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So while it is true that the attempted use of a copyright to violate antitrust law probably would give rise to a misuse of copyright defense, the converse is not necessarily true -- a misuse need not be a violation of antitrust law in order to comprise an equitable defense to an infringement action. The question is not whether the copyright is being used in a manner violative of antitrust law (such as whether the licensing agreement is reasonable), but whether the copyright is being used in a manner violative of the public policy embodied in the grant of a copyright.
Appellee Lasercomb America, Inc. developed a computer software program that was the subject of the dispute between the parties. Appellants Larry Holliday and Job Reynolds circumvented the protective devices Lasercomb had provided with the software and made three unauthorized copies of the software. Thereafter, Holliday and Reynolds created and marketed its own software program, which was almost a direct copy of Lasercomb’s program. Lasercomb filed this action claiming copyright infringement and fraud based on appellants' unauthorized copying and marketing of Lasercomb’s software.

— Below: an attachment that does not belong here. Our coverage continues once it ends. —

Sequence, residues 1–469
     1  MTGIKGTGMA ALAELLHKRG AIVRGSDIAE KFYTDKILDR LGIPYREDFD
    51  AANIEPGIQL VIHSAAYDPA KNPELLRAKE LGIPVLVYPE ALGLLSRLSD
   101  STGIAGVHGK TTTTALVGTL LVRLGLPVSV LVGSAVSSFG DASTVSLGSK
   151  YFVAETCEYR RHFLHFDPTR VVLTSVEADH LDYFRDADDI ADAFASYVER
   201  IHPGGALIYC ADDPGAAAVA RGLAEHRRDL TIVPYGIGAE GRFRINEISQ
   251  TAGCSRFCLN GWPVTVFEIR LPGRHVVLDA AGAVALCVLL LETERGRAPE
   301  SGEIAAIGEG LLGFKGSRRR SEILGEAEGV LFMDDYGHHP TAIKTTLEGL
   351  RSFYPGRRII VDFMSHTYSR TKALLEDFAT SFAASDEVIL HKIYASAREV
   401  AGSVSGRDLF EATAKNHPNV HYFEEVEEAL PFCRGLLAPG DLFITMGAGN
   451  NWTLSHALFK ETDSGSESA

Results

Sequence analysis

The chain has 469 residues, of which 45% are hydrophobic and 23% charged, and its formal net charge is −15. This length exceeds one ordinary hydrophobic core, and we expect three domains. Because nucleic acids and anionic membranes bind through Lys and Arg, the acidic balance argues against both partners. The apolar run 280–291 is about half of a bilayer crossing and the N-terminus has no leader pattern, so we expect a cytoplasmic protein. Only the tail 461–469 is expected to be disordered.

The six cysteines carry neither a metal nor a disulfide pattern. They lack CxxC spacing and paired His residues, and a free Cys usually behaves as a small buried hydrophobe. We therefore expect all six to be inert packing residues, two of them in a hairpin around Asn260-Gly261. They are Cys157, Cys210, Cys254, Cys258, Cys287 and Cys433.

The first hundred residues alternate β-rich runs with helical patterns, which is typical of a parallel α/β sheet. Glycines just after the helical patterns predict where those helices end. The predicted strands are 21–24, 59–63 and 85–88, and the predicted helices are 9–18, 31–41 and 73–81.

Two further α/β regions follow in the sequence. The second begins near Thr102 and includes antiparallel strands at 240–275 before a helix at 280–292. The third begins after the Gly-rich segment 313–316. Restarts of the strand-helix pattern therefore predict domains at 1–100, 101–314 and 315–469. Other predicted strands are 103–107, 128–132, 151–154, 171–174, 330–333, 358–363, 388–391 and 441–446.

Were Holliday and Reynolds liable for copyright infringement?
The court held that Holliday and Reynolds were not liable for copyright infringement because Lasercomb misused its copyright by attempting to use its copyright to control competition in an area outside the copyright. However, the court found that Holliday and Reynolds were still liable for fraud.